I think you don’t have to be an aircraft mechanic to sympathize with Julio in this strip. I think everybody had to open something in their lives, some kind of gear, device, or only just some packaging, where they had to go through half the toolbox to eventually succeed. I, for one, sometimes wonder why they don’t make bank vaults out of the same material and design that some clam shell packaging is made of!
Seems Hans is getting some ideas from the NSA. Of course the equipment he uses looks more like it’s from the era of the Armed Forces Security Agency in WWII. But I admit that that’s more because of my limitations as an artist. You see, it’s a bit of a dilemma that all electronic equipment gets smaller and smaller and looks more and more the same. Nowadays, if you want to draw somebody listening to music, taking a photo, filming or looking something up on the internet, you can do all that by drawing a small rectangle that represents a smartphone. But while on one hand that’s easy to draw, on the other hand, it’s not that easy to actually show what’s really going on. In the days of the grammophone or the ghetto blaster, it was way easier to symbolize somebody as listening to music than nowadays, when people use rice grain sized iPods and pea sized earbuds. Try drawing that without a .18 technical pen and so that you can still see what’s going on!
Oh, and the whole idea of Chuck and Julio building radio controlled cars is based on real life (again). Apparently, after flying day in and day out, my brother tends to gravitate towards hobbies that have nothing to do with aviation!
Poor Julio doesn’t have many things to be envied for, but one thing that’s great about his job at Roost Air clearly is the job security. Chuck is definitely doing his best to keep him busy!
We’ve been doing this comic for long enough now to know exactly what kind of feedback we would be getting for this particular strip. So, let us come out up-front with an explanation: Yes, we know that most aircraft have circuit breakers installed and not old fashioned glass fuses (or whatever you call those type of fuses with a melting wire in English). But the Roost Air Cessna is very old, and also has a lot of custom modifications installed by Julio. There you go!
I am sure it was really hard for Julio to admit to Chuck he needed help. I guess we’ll see if Chuck brings up this moment in the future. I wouldn’t put it past him.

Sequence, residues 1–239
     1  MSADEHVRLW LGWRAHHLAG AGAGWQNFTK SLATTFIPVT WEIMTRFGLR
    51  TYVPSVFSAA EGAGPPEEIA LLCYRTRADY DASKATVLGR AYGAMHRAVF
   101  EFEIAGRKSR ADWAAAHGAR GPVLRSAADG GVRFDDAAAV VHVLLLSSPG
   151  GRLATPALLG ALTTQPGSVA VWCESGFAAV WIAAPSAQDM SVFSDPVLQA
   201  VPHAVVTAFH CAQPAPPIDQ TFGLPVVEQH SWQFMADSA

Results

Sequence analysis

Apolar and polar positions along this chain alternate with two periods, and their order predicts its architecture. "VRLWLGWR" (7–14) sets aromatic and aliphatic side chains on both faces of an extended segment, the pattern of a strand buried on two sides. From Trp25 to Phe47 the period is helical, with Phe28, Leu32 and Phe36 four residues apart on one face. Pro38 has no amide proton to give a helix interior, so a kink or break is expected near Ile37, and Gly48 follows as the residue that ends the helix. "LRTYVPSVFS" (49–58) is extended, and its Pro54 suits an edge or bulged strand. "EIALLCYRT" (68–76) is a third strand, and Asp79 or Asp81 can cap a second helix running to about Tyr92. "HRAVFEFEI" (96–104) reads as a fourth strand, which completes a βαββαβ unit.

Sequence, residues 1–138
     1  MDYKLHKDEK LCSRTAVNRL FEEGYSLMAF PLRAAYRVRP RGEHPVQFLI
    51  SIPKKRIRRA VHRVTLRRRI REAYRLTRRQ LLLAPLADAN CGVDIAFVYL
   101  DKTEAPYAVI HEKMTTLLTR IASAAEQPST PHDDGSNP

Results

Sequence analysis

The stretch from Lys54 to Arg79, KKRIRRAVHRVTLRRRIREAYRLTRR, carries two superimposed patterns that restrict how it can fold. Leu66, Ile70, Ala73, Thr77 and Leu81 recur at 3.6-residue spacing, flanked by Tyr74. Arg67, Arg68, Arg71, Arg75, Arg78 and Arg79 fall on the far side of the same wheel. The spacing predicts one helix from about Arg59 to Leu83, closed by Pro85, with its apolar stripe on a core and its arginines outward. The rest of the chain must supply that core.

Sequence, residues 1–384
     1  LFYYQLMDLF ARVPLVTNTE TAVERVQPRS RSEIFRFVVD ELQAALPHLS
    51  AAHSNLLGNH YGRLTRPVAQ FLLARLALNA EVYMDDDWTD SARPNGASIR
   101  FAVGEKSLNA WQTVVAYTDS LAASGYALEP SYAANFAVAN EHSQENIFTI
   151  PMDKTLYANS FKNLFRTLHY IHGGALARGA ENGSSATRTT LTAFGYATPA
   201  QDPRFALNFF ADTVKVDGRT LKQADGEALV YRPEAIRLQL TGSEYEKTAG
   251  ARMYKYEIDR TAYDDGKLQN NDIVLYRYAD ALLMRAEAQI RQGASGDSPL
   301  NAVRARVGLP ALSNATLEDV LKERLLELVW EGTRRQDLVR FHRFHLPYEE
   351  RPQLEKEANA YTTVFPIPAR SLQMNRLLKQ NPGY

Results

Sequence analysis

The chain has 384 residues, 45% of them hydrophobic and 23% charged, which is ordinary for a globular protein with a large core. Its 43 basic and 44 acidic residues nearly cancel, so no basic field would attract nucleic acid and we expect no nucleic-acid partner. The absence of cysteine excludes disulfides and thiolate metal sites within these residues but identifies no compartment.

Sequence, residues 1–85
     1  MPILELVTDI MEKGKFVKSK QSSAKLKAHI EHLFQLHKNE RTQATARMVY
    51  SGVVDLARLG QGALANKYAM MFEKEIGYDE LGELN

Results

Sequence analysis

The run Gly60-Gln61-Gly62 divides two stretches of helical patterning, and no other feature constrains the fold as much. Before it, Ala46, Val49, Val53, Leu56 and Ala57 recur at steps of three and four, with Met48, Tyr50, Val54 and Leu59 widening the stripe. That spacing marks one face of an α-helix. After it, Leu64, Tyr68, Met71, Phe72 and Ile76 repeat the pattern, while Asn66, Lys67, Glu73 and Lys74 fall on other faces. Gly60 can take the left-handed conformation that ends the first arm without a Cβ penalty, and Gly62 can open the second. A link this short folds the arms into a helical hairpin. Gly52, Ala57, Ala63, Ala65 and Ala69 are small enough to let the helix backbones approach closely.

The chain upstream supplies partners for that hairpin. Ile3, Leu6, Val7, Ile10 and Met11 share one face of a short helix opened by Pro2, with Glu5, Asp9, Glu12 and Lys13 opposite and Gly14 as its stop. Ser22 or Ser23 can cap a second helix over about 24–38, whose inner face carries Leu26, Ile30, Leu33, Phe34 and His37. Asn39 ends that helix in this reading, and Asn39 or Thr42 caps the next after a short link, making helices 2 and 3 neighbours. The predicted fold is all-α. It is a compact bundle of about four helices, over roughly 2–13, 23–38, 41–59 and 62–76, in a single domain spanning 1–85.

I got myself in all kinds of tight situations back in my mechanic days. What didn’t help was the fact that I am a short and skinny guy. So whenever it came to somebody having to climb into an airplane tail or helicopter tail-boom, it somehow always ended up being me. I don’t remember actually getting stuck but I got close to panicking a few times, HAHA.
And then there are the airplanes for which you have to be triple-jointed for to work on them. The worst plane I have ever worked on was an air-conditioned Cessna Skymaster with retractable gear. Try changing a vacuum pump on the rear engine on that sucker! This might be where Julio’s disdain for Skymasters comes from (we might never know).
What’s the worst aircraft fixing experiences you guys have had? And other nightmare planes out there?
So I’m back from the AERO in Friedrichshafen. I sure had a great time there! Thanks for everybody who stopped by at the Fliegermagazin booth on Friday to chat! I have posted a couple of pictures in our Facebook group.
Meanwhile, operations at Roost Air continue as usual, it seems …
Well, I guess Chuck isn’t the only pilot who can’t control himself when he sees coffee. I sometimes wonder if airlines hedge coffee prices just like fuel prices. After all, it’s also a vital commodity to keep operations going.
On a completely different note, one of our readers has put up a Chicken Wings page on TV Tropes. That’s a website that categorizes and lists all of the recurring metaphors, characters, story lines, etc. in TV, movies, computer games, comics, etc. I find the website rather confusing, but still can spend hours browsing through the various articles! Thanks to whoever did this!
And, last but not least, I hope to see some of you at the AERO in Friedrichshafen this week! I’ll be roaming the premises on Thursday and Friday, and will be signing books at the Fliegermagazin booth (A5-325) on Friday 11th from 11:00 to 13:00.
I don’t know how many bosses understand that productivity doesn’t necessarily rise when you watch your employees. I guess it’s necessary in some jobs with repetitive work, and especially if you don’t pay them enough. All I know is that I’m happy to a) be self employed and b) sit in my own office without anybody watching me.
Don’t you hate it, when some smartass (and by that, dear reader, I refer to the animal, not the body part (inside joke)) comes along and tells you what you’re doing wrong? And don’t you hate it even more if that smartass is actually right? I know I do. Or I would, if I was ever wrong about anything!
Where I used to work we flew right over a golf course if we were departing southbound. Being the cartoon-type creative mind I had always wondered what would happen if we “picked up” a golf ball on departure. I’m sure it wouldn’t have been pretty in real life.
Still it didn’t seem as threatening as what we had near our practice area where we did a lot of our training. There was a skeet shooting range close by so I always made sure I gave that one a really wide berth …
Speaking of golf balls: I just recently learned that the snorkel heads on our Sky-Cranes had to be re-designed at some point so they don’t suck in golf balls which then would ruin the tank doors. I guess engineers originally didn’t think about the possibility of the Crane dipping out of golf course ponds. But then again you can’t think of every scenario ahead of time …